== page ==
1. the experiment was temporary, meaning that the waste would be removed once it was finished.

2. Oak Ridge National Laboratory, the group responsible for the project, did its work fully in the public eye without secrecy.

3. tours of the experiment were conducted, and the public had access to the mine.

4. local groups were consulted before the project began. In other words, the first successful trial of consent-based nuclear waste handling, albeit temporary, went off without a hitch. This historical example can provide a basic template for what a waste storage facility in Wyoming might look like.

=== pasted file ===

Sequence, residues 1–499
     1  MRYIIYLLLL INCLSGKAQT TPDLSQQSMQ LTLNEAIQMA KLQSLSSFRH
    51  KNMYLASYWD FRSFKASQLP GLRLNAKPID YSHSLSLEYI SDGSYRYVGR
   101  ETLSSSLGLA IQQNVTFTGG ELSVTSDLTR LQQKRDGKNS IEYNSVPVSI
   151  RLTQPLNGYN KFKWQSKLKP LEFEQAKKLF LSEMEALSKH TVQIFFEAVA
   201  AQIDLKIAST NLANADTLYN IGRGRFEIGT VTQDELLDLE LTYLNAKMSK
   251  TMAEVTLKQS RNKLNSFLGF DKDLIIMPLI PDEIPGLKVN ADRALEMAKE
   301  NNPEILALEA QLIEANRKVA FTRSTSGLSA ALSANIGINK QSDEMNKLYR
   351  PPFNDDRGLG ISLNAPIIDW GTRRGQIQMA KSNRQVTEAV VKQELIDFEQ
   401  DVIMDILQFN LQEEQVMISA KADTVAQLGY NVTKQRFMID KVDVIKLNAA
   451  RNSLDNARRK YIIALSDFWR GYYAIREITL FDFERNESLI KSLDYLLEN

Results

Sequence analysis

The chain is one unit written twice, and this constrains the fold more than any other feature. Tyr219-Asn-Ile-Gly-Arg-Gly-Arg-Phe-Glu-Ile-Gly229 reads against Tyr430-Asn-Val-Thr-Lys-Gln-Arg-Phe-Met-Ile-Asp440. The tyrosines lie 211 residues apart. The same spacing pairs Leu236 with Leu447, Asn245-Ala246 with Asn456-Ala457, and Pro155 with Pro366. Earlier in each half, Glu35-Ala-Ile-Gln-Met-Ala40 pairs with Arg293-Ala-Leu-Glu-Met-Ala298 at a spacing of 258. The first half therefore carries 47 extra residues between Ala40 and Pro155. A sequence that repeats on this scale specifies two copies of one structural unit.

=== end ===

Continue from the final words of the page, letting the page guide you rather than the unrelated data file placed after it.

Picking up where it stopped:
In contrast to Project Salt Vault stands the snafu that is Yucca Mountain. Contrary to what the Star claimed, Yucca Mountain was not about consent-based siting. One may well argue that a large part of the failing in Yucca Mountain was that it did not have a consent-based approach, as was the case in Lyons, and which would be the case in Wyoming. Historical context is important in understanding where Yucca Mountain is today and why it is unlikely to change. In 1982, Congress passed the Nuclear Waste Policy Act (NWPA), which established the legal framework for formal study and selection of candidate sites for permanent geologic disposal of nuclear waste. Following on several recommendations by the Department of Energy in 1986, one of which was the Yucca Mountain site, Congress amended the NWPA in 1987 to designate Yucca Mountain as the sole site that would be subject to scientific evaluation. For more than a decade, what should have been a purely scientific attempt to solve one of the nation’s most pressing energy policy issues became a farcical, protracted political power-struggle, mired in emotional argumentation and fear-mongering on the part of opponents. Today, the project has effectively been mothballed, despite significant efforts and financial commitment on the part of various government agencies to begin site operation. As an illustration of that, consider the Nuclear Waste Fund (NWF), a money pool created to fund site evaluation, selection, and operation costs. The idea was to have utilities companies contribute annually to the fund in order to have it available when the time came for opening the site. Utilities companies, passing the costs onto customers, paid more than $40 billion into the Nuclear Waste Fund between 1983 and 2014. The Blue Ribbon Commission on America’s Nuclear Future, established by President Obama in 2010, noted that during the NWF collection period, Congressional and Executive actions made the fund completely inaccessible to the companies that had paid into it. Collection was suspended in 2014 on the heels of a 2013 federal court ruling that the DOE could no longer collect for the fund because the government had failed to supply the promised repository. To put it another way, Americans have been fronting the cost of a legally suspended project for more than three decades with nothing but political gridlock to show for it, and the problem remains unsolved. Am I to believe that the Star is in favor of drawn out, wasteful projects that have high costs and zero tangible results?